Pony Express mochila

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Pony Express mochila exhibit
Mochila leather cover over saddle
Pony Express reenactment demonstrating the mochila
Pony Express "mochila" closeup. Each of the riders signed the bag as it moved through the states.
Statue of Pony Express rider on a mochila

A mochila (Spanish,[1] pronounced [mo-chee-lah], for "knapsack", "pack", "pouch") is a removable lightweight leather cover put over a horse's saddle. In the 19th century, it was used as a mail bag by the Pony Express. Slits were cut through the eighth-inch leather to allow access to the saddle horn and cantle.[2]

Riders of the Pony Express made quick exchanges to new fresh horses, usually within a few minutes, at each remount station on their route across the United States. The mochila was removed from the exhausted horse and swiftly placed over the saddle of the fresh waiting horse.[3]


Linguist Joan Corominas derived the Spanish mochila from mochil ("delivery boy"), itself from Basque mutil ("boy").[4] The word "mochila" connotes the soft sheepskin leather.

History and usage

Saddle bag mail pouches were never in use on the Pony Express system because of their unwieldiness. The normal large saddle bags could not be attached to a saddle efficiently and would cause much delay when switching from an exhausted horse to a fresh horse at a Pony Express station.[5] In 1860, the Pony Express developed a fast mail delivery system using a special saddle mail bag cover called a mochila that made the Pony Express unique. The cover, which had four hard leather boxes to carry the mail, was transferred quickly and efficiently, usually in less than two minutes. If a horse was injured on the way from one station to another and not capable of further traveling, a rider would simply remove the cover with its mail from the injured horse and walk to the next station, where he would throw the cover on a new horse. The leather blanket cover was designed by Pony Express rider Jay G. Kelley.[2][6][7][8]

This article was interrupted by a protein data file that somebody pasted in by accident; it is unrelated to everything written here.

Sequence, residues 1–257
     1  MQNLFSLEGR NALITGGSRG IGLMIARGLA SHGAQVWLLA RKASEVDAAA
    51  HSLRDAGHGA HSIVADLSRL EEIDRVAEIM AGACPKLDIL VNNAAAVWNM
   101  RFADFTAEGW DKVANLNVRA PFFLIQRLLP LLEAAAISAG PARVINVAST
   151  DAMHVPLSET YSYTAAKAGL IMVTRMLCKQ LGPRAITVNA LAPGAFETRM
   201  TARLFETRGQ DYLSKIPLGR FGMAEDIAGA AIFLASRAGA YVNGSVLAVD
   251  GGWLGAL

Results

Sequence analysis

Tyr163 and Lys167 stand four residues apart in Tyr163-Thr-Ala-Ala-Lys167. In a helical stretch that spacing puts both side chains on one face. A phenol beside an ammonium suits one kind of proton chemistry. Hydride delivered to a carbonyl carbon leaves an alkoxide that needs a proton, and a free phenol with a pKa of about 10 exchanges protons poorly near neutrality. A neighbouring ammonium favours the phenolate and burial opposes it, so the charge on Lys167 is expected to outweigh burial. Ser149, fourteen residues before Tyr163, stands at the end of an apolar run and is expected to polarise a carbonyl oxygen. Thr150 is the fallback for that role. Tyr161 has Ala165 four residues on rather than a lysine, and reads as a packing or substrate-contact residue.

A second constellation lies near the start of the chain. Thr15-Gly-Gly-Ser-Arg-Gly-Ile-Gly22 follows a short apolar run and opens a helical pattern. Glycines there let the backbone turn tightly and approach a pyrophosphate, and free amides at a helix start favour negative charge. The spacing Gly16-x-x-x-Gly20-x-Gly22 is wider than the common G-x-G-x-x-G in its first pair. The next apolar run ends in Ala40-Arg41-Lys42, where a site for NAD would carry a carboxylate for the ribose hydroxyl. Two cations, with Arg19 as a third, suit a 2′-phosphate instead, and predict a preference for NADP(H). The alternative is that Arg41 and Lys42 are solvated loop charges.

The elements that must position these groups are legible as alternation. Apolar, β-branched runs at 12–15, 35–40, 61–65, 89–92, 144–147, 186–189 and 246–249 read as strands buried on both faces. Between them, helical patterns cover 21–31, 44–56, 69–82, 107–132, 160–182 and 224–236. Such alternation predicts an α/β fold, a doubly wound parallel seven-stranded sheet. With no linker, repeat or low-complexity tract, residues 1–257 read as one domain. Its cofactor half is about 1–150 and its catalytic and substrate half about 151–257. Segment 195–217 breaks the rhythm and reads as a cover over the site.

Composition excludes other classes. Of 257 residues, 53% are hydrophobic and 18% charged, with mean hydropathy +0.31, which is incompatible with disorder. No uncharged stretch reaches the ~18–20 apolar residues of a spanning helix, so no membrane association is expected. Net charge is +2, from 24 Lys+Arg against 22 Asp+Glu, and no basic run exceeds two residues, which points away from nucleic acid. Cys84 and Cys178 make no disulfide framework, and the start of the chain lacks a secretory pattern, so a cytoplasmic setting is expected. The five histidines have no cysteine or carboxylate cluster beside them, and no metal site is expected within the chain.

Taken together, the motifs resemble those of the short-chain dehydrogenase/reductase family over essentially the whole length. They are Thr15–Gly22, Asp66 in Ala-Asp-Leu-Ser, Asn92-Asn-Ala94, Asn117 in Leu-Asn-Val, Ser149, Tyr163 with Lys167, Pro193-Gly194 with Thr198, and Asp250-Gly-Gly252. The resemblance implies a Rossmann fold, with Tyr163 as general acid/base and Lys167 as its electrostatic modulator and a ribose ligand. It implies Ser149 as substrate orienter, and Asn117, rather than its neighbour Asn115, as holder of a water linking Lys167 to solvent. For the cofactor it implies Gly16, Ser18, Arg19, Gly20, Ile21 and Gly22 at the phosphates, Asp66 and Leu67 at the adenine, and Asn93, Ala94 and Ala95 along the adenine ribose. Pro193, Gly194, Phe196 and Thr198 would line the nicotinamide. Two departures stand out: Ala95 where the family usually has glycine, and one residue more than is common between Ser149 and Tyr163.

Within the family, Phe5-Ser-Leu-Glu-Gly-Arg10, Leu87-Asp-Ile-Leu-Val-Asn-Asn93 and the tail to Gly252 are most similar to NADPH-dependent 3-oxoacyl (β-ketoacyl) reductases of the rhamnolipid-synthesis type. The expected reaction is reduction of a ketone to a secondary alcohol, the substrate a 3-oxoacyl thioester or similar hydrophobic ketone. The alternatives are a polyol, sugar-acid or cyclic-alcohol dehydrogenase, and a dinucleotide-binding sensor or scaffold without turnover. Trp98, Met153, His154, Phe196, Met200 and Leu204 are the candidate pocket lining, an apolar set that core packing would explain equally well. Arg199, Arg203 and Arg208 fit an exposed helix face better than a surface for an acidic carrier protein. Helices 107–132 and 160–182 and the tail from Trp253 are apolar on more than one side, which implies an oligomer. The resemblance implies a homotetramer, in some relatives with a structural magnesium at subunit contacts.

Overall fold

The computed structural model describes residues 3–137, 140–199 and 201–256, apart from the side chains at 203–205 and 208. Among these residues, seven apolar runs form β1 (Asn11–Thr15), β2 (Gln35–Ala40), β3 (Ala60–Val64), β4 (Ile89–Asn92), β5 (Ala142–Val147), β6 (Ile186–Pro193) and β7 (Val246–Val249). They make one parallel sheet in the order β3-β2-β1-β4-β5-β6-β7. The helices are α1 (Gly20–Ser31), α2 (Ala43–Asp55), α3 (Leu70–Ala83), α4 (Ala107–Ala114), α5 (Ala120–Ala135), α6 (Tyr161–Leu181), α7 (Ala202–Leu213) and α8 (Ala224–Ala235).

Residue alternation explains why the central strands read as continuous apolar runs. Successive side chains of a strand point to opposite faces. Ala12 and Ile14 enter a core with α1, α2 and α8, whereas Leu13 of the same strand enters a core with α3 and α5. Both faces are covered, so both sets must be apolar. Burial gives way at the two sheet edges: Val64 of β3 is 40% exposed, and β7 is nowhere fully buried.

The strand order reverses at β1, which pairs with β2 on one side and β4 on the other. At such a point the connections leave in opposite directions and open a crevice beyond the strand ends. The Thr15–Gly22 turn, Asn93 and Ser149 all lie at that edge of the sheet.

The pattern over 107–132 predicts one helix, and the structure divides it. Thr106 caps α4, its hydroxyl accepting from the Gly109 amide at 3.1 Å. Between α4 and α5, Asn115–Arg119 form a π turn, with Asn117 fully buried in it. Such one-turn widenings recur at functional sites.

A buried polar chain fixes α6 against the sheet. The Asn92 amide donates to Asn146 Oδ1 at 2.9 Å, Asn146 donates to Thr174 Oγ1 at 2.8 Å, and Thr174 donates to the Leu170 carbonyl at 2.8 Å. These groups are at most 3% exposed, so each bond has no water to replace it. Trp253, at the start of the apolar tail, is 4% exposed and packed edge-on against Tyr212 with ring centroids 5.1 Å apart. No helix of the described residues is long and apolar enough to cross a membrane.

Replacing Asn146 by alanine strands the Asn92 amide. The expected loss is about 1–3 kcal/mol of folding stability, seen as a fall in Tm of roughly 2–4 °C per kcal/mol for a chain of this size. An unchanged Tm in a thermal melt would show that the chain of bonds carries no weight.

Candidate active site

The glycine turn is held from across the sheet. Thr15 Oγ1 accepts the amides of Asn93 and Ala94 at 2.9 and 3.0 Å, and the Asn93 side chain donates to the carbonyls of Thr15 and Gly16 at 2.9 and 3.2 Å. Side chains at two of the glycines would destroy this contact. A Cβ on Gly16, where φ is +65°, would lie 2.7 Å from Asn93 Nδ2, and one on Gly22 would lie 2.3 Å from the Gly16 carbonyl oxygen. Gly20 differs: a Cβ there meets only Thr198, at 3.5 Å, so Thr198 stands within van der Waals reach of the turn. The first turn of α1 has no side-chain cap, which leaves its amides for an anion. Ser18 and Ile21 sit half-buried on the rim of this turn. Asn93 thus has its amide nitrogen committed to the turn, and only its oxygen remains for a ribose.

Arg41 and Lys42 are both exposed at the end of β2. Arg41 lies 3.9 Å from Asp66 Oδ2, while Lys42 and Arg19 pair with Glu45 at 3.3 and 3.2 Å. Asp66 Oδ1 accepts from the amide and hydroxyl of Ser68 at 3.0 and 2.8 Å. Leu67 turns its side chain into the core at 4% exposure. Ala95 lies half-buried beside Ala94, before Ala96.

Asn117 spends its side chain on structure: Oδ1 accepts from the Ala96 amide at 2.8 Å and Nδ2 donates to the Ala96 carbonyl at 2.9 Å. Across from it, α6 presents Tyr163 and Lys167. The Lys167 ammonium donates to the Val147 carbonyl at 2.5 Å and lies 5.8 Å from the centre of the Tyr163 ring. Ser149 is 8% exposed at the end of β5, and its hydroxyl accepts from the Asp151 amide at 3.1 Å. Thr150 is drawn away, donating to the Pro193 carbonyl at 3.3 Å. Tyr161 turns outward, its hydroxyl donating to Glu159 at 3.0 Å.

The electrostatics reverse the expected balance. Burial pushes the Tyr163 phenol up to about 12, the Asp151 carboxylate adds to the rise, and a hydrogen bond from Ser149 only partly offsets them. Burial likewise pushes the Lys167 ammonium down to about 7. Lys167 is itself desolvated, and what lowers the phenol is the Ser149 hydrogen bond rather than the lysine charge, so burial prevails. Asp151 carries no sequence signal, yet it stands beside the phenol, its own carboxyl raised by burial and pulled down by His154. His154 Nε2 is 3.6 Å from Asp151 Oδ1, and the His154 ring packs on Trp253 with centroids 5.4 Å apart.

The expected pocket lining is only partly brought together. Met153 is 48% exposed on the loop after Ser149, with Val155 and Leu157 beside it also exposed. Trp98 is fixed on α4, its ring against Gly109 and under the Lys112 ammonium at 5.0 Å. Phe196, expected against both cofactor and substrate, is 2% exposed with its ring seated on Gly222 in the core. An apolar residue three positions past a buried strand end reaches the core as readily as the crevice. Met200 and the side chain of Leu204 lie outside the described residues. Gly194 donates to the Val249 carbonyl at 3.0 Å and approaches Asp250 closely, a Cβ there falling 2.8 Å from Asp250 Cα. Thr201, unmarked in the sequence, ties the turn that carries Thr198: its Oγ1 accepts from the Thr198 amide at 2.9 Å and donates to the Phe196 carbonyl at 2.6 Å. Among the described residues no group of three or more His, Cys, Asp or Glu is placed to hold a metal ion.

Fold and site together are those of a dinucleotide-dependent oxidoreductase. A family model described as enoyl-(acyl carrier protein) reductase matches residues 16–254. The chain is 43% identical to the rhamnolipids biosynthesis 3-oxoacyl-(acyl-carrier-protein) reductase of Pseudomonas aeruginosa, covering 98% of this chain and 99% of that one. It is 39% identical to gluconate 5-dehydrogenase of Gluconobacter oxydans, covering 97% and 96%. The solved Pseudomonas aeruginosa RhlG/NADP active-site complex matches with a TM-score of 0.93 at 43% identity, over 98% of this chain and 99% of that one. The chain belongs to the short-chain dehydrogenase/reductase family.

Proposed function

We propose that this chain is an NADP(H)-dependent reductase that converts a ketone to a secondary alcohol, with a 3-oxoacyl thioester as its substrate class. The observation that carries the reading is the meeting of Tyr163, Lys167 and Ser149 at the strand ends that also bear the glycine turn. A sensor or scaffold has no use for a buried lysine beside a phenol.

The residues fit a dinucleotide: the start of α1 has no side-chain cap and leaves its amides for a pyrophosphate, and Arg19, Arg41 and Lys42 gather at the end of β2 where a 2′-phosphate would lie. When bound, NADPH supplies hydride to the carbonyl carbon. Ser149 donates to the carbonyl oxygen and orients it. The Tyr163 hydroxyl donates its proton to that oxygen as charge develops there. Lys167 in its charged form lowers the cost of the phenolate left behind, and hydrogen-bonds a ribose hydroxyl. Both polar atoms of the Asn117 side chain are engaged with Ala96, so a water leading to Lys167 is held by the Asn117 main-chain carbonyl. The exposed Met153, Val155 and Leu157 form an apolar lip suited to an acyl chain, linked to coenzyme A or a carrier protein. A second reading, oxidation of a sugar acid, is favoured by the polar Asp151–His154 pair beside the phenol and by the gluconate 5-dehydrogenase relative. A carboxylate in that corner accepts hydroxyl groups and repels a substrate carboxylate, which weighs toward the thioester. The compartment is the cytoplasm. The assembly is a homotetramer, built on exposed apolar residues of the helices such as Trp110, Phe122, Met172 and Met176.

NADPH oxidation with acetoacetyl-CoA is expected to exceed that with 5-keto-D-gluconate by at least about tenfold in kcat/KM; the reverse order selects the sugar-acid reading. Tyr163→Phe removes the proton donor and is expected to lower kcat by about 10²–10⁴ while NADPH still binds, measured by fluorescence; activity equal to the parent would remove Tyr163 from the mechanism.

The mochila also had four pockets, called cantinas, that were lockable with a type of small padlock and could only be unlocked by authorized people. Two cantinas were in front of the rider's legs and two were behind the rider's thighs. Documents to be transported in the cantinas would first be covered with oiled silk to protect them from water and sweat.[6] This mail service was very expensive (between one and five dollars per half-ounce, an astronomical amount that only businesses could afford).[3]

Most Pony Express saddles and mochilas were made by Israel Landis' shop in St. Joseph, Missouri.[9] Israel made the entire saddle about one-third the weight of the ordinary Western saddle.[5] The specially designed saddle with its mochila weighed less than 13 pounds.[5] The saddles and mochilas were standardized so they would work from one horse to another. When full of mail and telegrams, the mochila weighed about 20 pounds.[2] The rider would also carry a canteen of water, a gun and a small Bible that included the solemn Pony Express loyalty oath.[10][11]. The saddles for the horses that traveled over the Overland Pony Express route were special and standardized, built by a saddlery firm owned and franchised by Landis.

No authentic Pony Express mochilas have survived. Replicas have been made for demonstrations such as Wild West performances and modern-day reenactments.[12]

See also



  1. ^ mochila, Diccionario de la Real Academia Española, 22ª edición.
  2. ^ a b c Tucker, p. 18
  3. ^ a b Pope, Nancy. "Pony Express Mochila". Former Object of the Month. National Postal Museum, Smithsonian Institution. Retrieved August 17, 2012.
  4. ^ mochila in Diccionario crítico etimológico de la lengua castellana, volume III, page 392, Joan Corominas, Francke Verlag-Bern, 1954 ISBN 84-249-0066-9
  5. ^ a b c "The Mochila". Pony Express History. Retrieved August 16, 2012.
  6. ^ a b Van der Linde, p. 23
  7. ^ Israel Landis
  8. ^ Pony Express saddle
  9. ^ Ridge, Martin (Autumn 1996). "Reflections on the Pony Express". Montana: The Magazine of Western History. Montana Historical Society. 46 (3): 2–13.
  10. ^ KidCaps 2012, p. 21.
  11. ^ Marlow 2013, p. 94.
  12. ^ "The Horse". Canadian Museum of Civilization. May 28, 2010. Retrieved August 17, 2012.


Further reading

External links

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